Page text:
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Once in a generation, there is a definitive war picture — from Francis Ford Coppola’s “Apocalypse Now,” a haunting depiction of the Vietnam War, to Steven Spielberg’s iconic D-Day epic “Saving Private Ryan,” 20 years later. Sam Mendes’ single-take marvel “1917” is one of those films: It excels not only as the most harrowing depiction of World War I committed to film, but as escapism at its most rugged and the cinematic language operating at its most evocative.
With “1917,” Mendes transports audiences to the trenches on the Western front of WWI. Two British soldiers, Lance Corporal Blake (Dean-Charles Chapman) and Lance Corporal Schofield (George MacKay) are tasked to traverse no man's land to another army division with a message to halt an oncoming attack. The film also features extended cameos by Benedict Cumberbatch, Mark Strong, and Colin Firth.
“1917” is more than a gripping drama; it’s an experience that feels urgently lived-in and uniquely sensory. This is achieved by anchoring the entire film in a single take and in real time. To say this approach was ambitious would be a drastic understatement. The camera in Mendes’ film is an omnipresent character, unbounded by physical restraints like cranes or dollies. Some sequences are impossible to fathom. Take, for instance, a tracking shot over a body of water, or a sequence involving a plane crash. There are even sequences where the shot remains unbroken across multiple sets, such as when the camera travels between two locations and a vehicle in one unbroken scene.
The legendary cinematographer Roger Deakins puts on a dazzling display of filmmaking that all but nets him his second Academy Award after 14 nominations and most recently winning Best Cinematography for “Blade Runner 2049” in 2017. “1917” evokes Alejandro González Iñárritu’s “Birdman,” which also appeared as a single take. But where “Birdman” explored closed-form movie sets inside a theater, “1917” takes advantage of intricate set design in the trenches and the wide-shots of the endless outdoors (which exponentially increases the difficulty in concealing a cut).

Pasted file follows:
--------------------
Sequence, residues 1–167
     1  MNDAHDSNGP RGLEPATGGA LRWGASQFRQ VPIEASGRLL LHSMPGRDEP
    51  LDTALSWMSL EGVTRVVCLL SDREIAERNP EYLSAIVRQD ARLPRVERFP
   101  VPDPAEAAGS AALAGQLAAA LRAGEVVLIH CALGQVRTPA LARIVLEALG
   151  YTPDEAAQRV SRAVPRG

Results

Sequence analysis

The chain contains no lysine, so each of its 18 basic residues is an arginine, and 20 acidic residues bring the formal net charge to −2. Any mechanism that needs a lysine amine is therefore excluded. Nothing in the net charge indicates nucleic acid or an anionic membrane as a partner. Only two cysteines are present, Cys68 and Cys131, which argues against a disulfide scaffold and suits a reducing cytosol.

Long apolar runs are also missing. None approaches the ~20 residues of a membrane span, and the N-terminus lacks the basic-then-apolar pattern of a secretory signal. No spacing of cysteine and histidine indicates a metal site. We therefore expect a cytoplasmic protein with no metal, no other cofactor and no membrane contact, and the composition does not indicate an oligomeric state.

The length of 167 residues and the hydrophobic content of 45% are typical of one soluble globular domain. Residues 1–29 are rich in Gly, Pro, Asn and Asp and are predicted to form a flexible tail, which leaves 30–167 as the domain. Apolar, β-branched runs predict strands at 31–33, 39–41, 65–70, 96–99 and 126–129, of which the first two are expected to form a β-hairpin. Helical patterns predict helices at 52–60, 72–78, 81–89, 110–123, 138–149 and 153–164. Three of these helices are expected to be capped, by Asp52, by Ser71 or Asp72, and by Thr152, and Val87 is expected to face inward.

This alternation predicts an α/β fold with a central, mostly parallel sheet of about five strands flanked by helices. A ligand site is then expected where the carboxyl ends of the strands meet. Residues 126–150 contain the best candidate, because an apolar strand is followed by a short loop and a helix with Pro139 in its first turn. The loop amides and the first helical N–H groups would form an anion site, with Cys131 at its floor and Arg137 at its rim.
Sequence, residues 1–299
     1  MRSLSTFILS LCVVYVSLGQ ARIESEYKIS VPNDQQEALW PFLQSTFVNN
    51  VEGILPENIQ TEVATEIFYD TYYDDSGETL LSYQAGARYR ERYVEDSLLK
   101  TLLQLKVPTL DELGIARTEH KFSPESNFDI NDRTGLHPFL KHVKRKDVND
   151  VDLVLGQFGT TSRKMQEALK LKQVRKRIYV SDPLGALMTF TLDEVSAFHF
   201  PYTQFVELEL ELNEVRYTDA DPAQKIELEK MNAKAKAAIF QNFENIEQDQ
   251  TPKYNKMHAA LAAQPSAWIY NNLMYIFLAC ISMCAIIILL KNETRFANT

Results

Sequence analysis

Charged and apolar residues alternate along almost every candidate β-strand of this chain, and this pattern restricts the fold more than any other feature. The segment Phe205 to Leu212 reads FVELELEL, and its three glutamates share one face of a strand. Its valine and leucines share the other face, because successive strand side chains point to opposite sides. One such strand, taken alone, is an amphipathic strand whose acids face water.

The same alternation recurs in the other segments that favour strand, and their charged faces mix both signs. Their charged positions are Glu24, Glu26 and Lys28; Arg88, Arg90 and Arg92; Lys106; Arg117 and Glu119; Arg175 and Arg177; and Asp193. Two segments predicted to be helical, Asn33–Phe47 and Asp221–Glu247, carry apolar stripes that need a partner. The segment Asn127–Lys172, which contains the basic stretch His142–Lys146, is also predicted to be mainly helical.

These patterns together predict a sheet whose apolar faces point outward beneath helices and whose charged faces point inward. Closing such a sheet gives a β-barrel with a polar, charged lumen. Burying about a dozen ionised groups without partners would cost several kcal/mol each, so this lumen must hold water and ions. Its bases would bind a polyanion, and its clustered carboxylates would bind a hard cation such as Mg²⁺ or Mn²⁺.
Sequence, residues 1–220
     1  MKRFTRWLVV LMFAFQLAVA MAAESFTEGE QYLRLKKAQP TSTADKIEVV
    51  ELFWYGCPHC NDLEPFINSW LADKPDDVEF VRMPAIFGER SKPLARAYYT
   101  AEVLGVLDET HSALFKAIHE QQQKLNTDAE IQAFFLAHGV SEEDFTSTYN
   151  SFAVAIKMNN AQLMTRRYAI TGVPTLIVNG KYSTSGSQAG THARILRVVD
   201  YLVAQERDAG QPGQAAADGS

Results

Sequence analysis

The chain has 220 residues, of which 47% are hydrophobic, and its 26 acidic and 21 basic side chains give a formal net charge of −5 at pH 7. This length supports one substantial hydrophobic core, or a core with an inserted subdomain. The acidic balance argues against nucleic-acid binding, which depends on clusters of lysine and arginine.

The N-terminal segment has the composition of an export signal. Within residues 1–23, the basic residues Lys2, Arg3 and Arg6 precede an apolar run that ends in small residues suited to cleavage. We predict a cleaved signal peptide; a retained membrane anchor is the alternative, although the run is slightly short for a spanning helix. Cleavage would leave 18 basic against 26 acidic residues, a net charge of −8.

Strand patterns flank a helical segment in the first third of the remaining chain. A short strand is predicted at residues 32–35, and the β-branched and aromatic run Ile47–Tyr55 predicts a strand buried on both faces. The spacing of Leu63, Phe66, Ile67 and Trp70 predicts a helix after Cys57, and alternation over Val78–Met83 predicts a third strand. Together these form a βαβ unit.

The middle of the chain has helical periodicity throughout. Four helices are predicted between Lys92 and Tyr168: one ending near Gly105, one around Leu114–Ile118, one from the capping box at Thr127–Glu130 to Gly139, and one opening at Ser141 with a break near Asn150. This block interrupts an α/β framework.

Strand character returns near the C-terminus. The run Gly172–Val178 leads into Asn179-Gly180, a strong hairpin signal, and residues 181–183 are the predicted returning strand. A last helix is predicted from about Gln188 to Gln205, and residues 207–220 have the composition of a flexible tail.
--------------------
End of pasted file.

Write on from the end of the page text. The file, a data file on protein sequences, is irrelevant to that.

The film feels so seamless, despite its ambitious ideas, because it’s so pristinely edited. Lee Smith, a frequent collaborator with director Christopher Nolan (“Inception,” “The Dark Knight,” and “Dunkirk”), does sublime work in “1917” by hiding the most impossible cuts. While there are obvious points where the film must have cut, such as when the characters walk through a dark tunnel, or during a whip pan, the sequences are stitched together so subtly it's mind-bending.
Thomas Newman’s score is rhythmic and as with modern film music, serves to propel tension rather than being melodic (similar to how Hans Zimmer used music in “Dunkirk” to control the film's tempo). Newman has scored everything from Pixar’s “Finding Nemo” to “American Beauty” to “Spectre” (with Mendes, his frequent collaborator), and his versatility is on full display in “1917,” from somber keys to denote quieter moments of introspection, to a relentless percussion track for the adrenaline-laced finale.
But despite Mendes' technical prowess in "1917," he isn’t afraid to slow his film down for scenes seeping with emotional poignance. These include graphic death scenes, and quieter moments, such as when one of the lance-corporals stumbles into a French family hiding from German troops. These scenes speaks to the endurance of the human spirit in the most inhumane of conditions.
The cinematography in “1917” is so breathtaking, and the editing is so surreal that it’s easy to lose oneself in the ethereal experience. While Deakins' elegant work ultimately doesn't detract from the storytelling in “1917,” it’s also undeniable that the film’s story isn’t nearly as compelling as the cinematography. But it’s remarkable that a film can lose an audience so completely in its illusion.
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